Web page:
I got up, but, as I hung there, I tried to obtain a modification of some of the details. "I don't think," I said artfully, "that I'll put out my tongue—it's rather overdone, eh? Everybody is taken with his tongue out nowadays."

"It is true," he said, "but I am not well enough known in the profession yet to depart entirely from the conventional. Your tongue out as far as it will go, please."

"I shall have a rush of blood to the head, I know I shall," I protested.

"Look here," he said; "am I taking this photograph or are you?"

There was no possible doubt, unfortunately, as to who was taking the photograph. I made one last remonstrance. "I put it to you as a sensible man——" I began; but it is a waste of time to put anything to a raving lunatic as a sensible man. It is enough to say that he carried his point.

"I wish you could see the negative!" he said as he came back from his laboratory. "You were a little red in the face, but it will come out black, so it's all right. That carte will be quite a novelty, I flatter myself."

I groaned. However, this was the end; I would get away now at all hazards, and tell the police that there was a dangerous maniac at large. I got down from the mast with affected briskness. "Well," I said, "I mustn't take advantage of your good nature any longer. I'm exceedingly obliged to you for the—the pains you have taken. You will send all the photographs to this address, please."

"Don't go yet," he said. "Are you an equestrian, by the way?"

If I could only engage him in conversation I felt comparatively secure.

"Oh, I put in an appearance in the Row sometimes, in the season," I replied; "and, while I think of it," I added, with what I thought at the time was an inspiration, "if you will come with me now, I'll show you my horse—you might take me on horseback, eh?" I did not possess any such animal, but I wanted to have that door unlocked.

"Take you on horseback!" he repeated. "That's a good idea—I had rather thought of that myself."

"Then come along and bring your instrument," I said, "and you can take me at the stables; they're close by."

"No need for that," he replied cheerfully. "I'll find you a mount here."

And the wretched lunatic went behind the screen and wheeled out a small wooden quadruped covered with large round spots!

"She's a strawberry roan," he said; "observe the strawberries. So, my beauty, quiet, then! Now settle yourself easily in the saddle, as if you were in the Row, with your face to the tail."

Listen to me for one moment," I entreated tremulously. "I assure you that I am not in the habit of appearing in Rotten Row on a spotted wooden horse, nor does any one, I assure you—any one mount a horse of any description with his face toward the crupper! If you take me like that you will betray your ignorance—you will be laughed at!"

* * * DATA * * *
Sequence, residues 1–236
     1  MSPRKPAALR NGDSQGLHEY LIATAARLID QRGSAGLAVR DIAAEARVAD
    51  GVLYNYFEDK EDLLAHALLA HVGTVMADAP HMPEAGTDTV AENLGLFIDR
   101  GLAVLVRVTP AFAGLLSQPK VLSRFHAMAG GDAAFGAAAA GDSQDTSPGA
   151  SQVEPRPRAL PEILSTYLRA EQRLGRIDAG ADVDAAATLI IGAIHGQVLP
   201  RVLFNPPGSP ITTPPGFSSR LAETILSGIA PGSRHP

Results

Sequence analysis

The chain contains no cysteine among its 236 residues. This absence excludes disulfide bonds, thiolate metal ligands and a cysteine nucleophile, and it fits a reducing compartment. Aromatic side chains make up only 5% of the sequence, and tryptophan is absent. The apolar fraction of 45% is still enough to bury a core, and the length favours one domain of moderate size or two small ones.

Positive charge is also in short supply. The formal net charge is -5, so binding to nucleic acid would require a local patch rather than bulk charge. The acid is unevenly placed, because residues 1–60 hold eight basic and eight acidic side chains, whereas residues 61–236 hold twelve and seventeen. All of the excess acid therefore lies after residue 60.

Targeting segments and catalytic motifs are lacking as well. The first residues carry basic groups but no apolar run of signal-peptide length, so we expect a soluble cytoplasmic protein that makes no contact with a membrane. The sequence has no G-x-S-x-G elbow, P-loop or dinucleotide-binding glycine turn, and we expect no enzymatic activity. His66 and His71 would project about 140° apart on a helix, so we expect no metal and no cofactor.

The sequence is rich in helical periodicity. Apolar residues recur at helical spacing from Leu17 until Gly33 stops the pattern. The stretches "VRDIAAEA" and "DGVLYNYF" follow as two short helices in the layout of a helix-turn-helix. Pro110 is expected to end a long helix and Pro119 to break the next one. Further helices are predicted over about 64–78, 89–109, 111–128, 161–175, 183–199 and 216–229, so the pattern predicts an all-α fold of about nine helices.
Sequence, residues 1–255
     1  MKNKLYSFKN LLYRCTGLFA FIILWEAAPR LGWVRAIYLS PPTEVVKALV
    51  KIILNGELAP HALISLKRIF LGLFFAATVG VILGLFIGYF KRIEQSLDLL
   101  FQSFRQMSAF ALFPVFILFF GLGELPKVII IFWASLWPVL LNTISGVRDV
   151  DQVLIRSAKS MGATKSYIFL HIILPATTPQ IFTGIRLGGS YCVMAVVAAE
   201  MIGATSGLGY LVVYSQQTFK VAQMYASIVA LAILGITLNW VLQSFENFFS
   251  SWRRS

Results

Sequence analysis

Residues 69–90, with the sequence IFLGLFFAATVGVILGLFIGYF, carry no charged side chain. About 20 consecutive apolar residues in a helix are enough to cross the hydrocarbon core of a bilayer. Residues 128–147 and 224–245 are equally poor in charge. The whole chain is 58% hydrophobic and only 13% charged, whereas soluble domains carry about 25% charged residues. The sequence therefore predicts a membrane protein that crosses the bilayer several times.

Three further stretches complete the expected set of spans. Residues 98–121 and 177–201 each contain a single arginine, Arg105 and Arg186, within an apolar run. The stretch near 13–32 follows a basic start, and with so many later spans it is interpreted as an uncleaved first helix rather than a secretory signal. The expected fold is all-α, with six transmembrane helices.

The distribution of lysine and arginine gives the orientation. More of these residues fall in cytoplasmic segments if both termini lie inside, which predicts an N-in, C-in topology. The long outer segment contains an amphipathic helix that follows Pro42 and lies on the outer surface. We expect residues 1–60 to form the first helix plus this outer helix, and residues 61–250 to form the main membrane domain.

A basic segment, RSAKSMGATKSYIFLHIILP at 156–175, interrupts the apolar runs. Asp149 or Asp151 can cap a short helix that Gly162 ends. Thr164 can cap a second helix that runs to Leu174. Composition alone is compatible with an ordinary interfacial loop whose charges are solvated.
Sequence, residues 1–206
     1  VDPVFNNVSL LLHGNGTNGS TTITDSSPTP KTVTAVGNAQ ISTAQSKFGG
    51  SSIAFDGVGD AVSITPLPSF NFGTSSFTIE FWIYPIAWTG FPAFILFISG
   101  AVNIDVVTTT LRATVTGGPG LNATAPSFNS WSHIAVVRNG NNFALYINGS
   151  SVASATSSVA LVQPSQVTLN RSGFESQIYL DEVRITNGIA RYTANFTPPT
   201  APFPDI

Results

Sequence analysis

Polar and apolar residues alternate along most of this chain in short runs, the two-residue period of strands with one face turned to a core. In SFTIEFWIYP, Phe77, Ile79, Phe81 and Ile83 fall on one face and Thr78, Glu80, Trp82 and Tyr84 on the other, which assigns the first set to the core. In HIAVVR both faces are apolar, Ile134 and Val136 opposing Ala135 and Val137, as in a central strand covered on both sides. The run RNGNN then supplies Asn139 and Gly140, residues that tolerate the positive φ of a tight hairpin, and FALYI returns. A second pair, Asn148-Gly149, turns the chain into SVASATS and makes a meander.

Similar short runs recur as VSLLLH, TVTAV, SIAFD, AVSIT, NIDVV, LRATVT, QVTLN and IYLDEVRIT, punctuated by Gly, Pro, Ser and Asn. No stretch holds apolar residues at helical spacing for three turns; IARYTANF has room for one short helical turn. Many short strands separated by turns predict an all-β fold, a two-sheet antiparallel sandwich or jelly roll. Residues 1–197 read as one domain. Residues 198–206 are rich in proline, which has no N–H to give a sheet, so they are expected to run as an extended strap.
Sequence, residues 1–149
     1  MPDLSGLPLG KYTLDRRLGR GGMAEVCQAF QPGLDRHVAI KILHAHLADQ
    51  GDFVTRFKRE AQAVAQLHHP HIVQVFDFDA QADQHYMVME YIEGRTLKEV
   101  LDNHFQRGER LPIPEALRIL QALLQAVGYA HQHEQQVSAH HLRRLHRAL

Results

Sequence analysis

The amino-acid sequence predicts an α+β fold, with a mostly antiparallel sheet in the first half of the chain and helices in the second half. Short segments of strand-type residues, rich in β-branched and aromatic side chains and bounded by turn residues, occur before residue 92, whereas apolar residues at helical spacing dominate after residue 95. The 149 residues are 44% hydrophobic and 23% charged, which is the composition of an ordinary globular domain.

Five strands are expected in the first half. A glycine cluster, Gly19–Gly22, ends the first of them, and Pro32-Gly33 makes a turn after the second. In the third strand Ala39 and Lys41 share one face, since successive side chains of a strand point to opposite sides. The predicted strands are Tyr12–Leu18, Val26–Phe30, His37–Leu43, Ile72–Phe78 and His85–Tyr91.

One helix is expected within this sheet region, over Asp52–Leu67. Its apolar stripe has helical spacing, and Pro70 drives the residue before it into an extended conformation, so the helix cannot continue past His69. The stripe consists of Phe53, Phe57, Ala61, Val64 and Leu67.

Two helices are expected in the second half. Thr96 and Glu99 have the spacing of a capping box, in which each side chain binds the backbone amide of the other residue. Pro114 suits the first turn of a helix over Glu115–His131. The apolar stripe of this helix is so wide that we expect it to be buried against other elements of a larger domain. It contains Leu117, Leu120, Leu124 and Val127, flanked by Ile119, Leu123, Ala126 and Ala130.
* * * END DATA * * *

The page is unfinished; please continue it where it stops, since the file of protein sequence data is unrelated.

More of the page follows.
When people tell you it is possible to hoodwink the insane by any specious show of argument, don't believe them; my own experience is that demented persons can be quite perversely logical when it suits their purpose.

"Pardon me," he said, "you will be laughed at possibly—not I. I cannot be held responsible for the caprices of my clients. Mount, please; she'll carry you perfectly."

"I will," I said, "if you'll give me the revolver to hold. I—should like to be done with a revolver."

"I shall be delighted to do you with a revolver," he said grimly, "but not yet; and if I lent you the weapon now, I could not answer for your being able to hold the horse as well—she has never been broken in to firearms. I'll hold the revolver. One—two—three——"

I mounted. Why had I not disregarded the expense and gone to Lenz & Kamerer? Lenz does not pose his customers by the aid of a revolver. Kamerer, I was sure, would not put his patrons through these degrading tomfooleries.

He took more trouble over this than any of the others; I was photographed from the back, in front, and in profile; and if I escaped being made to appear abjectly ridiculous, it can only be owing to the tragic earnestness which the consciousness of my awful situation lent to my expression.

As he took the last, I rolled off the horse completely prostrated. "I think," I gasped faintly, "I would rather be shot at once—without waiting to be taken in any other positions. I really am not equal to any more of this!" (He was quite capable, I felt, of photographing me in a perambulator if it once occurred to him!)